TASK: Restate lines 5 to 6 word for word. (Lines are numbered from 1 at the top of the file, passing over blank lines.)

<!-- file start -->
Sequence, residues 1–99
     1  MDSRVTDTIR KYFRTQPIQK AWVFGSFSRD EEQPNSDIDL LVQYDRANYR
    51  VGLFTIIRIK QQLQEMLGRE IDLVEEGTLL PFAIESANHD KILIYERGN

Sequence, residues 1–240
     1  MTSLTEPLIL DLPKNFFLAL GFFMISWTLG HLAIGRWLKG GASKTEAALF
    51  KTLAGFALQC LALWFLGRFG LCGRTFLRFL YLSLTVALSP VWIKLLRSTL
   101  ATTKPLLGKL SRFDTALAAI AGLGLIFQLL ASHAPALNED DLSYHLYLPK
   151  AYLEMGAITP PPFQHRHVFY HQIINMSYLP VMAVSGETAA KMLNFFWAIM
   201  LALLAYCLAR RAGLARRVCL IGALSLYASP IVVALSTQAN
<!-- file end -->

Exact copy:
     1  MTSLTEPLIL DLPKNFFLAL GFFMISWTLG HLAIGRWLKG GASKTEAALF
    51  KTLAGFALQC LALWFLGRFG LCGRTFLRFL YLSLTVALSP VWIKLLRSTL